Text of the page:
It gets worse as Stackpole sets up the battles. Action is one of the things that Stackpole excels at. He can be quite bloody in his descriptions (and when he gets to the battles in The Grand Crusade, he is still quite graphic, so be warned), but everything has a pace and intensity that I just marvel at. He puts the reader down in the middle of the action, and you almost find yourself looking behind you to make sure somebody's not coming up to you with a sword ready to skewer you. It's effective, and the book has a lot of energy when he writes the combat scenes. However, every time it looks like the battles are about to start, Stackpole starts setting them up again. He shows us countless strategy sessions between the generals, and he has those same generals brood on their strategies some more before finally executing them (many times listing the various things that could go wrong).

Don't get me wrong. I'm not an action junkie, needing the blood and guts to make a book good. However, the non-combat part of the book has to be interesting, or give me the battles! I found that I barely cared about any of the characters, including characters whom I had cared about in the previous books. On the positive side, I didn't find any of the characters annoying, which is a step up for a couple of them (Kerrigan and Isaura). Ultimately, I found that the battles were the only interesting things in the book, and I found myself getting annoyed when each battle would end and more strategizing happened.

While the battles themselves were wonderfully done, I found that the results of them too often had convenient resolutions, as somebody comes in and saves the day. One battle has General Adrogans come from very far away and arrive at the perfect time to do what is necessary to turn the tide. While he knows that the war is happening there, he has no idea what the exact situation is. He's just going to help as best he can, and he just happens to get there where he can make the biggest difference. So many of the battles begin with our heroes acknowledging that they are in an almost impossible situation, and that even if they prevail they're going to lose a lot of soldiers. However, most of the time they don't have to deal with that because something else happens.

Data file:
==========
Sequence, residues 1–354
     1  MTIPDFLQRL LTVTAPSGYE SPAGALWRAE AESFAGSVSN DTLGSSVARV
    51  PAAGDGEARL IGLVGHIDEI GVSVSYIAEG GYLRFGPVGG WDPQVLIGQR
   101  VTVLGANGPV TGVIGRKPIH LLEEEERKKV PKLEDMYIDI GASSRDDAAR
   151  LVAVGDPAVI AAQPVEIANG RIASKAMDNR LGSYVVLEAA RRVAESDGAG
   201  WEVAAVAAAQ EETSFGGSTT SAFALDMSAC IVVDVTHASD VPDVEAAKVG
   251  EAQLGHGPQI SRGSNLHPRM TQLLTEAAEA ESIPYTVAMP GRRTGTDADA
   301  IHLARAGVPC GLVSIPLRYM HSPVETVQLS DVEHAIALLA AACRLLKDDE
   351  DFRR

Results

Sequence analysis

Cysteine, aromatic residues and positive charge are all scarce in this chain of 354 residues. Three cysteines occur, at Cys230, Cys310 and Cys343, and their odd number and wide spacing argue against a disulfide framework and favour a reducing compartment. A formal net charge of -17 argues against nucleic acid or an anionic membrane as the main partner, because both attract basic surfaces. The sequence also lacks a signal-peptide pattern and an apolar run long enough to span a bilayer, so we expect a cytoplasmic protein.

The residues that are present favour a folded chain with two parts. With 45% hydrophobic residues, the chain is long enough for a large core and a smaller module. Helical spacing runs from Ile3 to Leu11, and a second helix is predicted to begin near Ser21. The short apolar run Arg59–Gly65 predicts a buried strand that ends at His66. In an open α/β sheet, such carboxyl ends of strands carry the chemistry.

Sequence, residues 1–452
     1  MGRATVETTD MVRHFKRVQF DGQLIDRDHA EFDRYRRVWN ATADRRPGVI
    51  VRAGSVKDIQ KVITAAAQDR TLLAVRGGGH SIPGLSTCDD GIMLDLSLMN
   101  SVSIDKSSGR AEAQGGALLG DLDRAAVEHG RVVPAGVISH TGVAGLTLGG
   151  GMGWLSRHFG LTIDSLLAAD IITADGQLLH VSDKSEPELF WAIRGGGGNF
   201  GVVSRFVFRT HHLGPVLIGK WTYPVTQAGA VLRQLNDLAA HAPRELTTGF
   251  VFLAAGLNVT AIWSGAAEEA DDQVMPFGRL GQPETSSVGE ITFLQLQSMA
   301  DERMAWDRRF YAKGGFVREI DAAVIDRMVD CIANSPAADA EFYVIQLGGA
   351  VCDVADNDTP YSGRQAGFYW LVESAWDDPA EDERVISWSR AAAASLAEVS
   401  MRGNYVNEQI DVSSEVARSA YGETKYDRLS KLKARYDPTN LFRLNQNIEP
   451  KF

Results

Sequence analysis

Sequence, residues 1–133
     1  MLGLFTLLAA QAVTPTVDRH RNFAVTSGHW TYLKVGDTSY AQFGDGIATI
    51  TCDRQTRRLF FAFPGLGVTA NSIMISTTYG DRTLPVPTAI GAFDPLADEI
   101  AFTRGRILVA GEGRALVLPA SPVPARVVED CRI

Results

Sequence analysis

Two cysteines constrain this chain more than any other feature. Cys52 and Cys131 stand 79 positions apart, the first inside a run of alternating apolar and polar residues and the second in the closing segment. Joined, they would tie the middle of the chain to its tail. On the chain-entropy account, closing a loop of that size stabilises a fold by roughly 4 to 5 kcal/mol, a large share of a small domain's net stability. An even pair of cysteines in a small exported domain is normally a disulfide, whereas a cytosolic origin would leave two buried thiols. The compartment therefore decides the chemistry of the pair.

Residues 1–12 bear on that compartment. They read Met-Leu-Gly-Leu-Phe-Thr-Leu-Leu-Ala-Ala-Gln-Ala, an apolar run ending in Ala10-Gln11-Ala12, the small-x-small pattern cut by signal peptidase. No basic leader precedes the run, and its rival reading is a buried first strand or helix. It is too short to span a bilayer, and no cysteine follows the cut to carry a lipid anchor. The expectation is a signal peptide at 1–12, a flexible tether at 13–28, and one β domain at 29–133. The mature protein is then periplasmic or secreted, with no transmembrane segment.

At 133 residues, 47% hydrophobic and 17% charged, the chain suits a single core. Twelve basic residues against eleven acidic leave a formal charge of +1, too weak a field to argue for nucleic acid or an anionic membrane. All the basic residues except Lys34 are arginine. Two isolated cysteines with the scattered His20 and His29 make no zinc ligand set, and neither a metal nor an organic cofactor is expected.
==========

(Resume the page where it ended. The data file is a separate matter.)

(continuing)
Finally, one of the plot threads that looks initially like Stackpole's going to deal with it in another book ends up being wrapped up in an epilogue, which felt horribly rushed. While I would have hated the fact that he's leaving himself open for another book (or, worse, another whole series), I felt the rushed conclusion was the worst way to do it.

Ultimately, if it wasn't for the battle scenes, this book would be the bottom of the barrel. As it is, it's close. I've seen so much better from Stackpole, and the series started out so wonderfully. I didn't realize that I was already at the top when I started it. If this wasn't the final book of the series, there's no way I would have finished it. Avoid it if at all possible.

© 2004 by David Roy for Curled Up With a Good Book